Quoting now from the Curator of Modern Art, Gwen F. Chanzit, Ph. D at this Denver show:

“…they helped forge the first fully American modern art movement. While there is no one prescribed style, Abstract Expressionist canvases are known for loose brushwork all-over composition, an emphasis on surface rather than depth, and a grand sense of scale. Artists experimented with process and materials to free themselves from previous conventions.”

My love for mixed media and collage art found its origin with the experimentation of these women and the larger abstract movement to which they belonged. Bits of string, tin foil and various papers chosen for their texture or pattern can be found, worked with paint, on the canvases of this show. If I ever needed validation, and that need is by definition part of being an abstract artist, I found it in the work of these women. For them abstract expressionism was risky and unheard of; for me it is the norm. The art of these women has been underreported and undervalued, although they participated alongside men – even husbands! – in studios, art clubs, exhibitions and shows.

The art displayed in this show is so alive with the joy of painting free that it almost brings tears to your eyes. The powerful colors, the textures and the wide open gestures and brushstrokes are screaming freedom – from conventional traditional style and conformity. Seeing it all was a lesson, loud and clear, in being brave, in being a risk-taker, in being unrestrained and fully expressive as an artist. These women were gutsy broads!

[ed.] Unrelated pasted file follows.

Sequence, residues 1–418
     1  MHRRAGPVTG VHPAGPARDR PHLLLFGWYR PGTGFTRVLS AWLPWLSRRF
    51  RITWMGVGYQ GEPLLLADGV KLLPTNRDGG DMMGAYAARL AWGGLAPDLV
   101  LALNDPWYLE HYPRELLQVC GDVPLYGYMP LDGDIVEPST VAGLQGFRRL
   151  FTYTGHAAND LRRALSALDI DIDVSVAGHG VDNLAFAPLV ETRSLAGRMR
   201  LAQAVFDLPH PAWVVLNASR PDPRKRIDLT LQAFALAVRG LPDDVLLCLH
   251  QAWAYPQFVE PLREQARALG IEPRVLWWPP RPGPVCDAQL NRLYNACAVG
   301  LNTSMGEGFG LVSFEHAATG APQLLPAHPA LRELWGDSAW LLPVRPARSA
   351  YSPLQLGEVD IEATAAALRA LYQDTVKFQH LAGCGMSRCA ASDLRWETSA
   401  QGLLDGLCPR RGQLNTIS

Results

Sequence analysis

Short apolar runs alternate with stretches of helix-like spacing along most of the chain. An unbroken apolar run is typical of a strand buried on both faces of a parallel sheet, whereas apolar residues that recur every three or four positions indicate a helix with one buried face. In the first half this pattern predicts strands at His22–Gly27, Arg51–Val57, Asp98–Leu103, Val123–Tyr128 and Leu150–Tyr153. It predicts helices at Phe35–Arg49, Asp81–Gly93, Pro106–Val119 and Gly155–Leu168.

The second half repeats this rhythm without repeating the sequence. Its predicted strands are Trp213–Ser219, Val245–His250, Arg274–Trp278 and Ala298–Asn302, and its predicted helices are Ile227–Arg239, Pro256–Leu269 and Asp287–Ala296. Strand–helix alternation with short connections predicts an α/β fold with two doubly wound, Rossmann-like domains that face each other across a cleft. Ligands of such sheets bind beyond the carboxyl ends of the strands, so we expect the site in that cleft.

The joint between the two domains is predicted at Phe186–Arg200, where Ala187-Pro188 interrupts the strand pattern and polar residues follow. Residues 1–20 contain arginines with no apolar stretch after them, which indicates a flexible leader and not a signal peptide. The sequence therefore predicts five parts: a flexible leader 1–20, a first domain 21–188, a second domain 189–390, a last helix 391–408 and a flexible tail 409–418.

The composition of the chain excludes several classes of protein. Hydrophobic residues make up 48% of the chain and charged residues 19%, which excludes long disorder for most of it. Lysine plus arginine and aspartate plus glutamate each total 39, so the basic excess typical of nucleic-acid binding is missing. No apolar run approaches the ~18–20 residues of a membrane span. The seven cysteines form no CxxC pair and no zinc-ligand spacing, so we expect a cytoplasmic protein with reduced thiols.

If any of you have potential artists in your family or circle of friends, especially girls, remember that women of astounding talent were often ignored, brushed off, undervalued and cast aside as irrelevant. It still happens…..but less consistently.

Thanks to the Denver Art Museum for allowing photos to be taken, and for the quotes I have used here.

Jo Ann Brown-Scott – new novel titled A CANARY FLIES THE CANYON, about the life of a young woman who finds her life’s passion in art

http://www.acanaryfliesthecanyon.com   http://joannbrownscottauthor.com

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The Anticipation of Travel

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Malaysian Dusk  and  Bangkok Moon, mixed media by Jo Ann Brown-Scott copyright 2015

You know how I feel about creativity and stoking the fires to keep it smoldering – always awarding yourself with fresh experiences – feeding the creativity beast gourmet delights so that it will return to your work table and want to spend time with you. Travel is,  to me, one of the finest sources of creative stimulation. Travel is a luxury we can all afford if you define it as a departure from your normal routine that takes you out and away from your home headquarters. Therefore a trip down the block is travel, an excursion to a nearby city is travel, even a hike in the woods or watching a movie is a version of travel. You just need to get out of your own mind for awhile and experience new visual surroundings. I do all of that and more…..it is part of my job description as an artist and writer.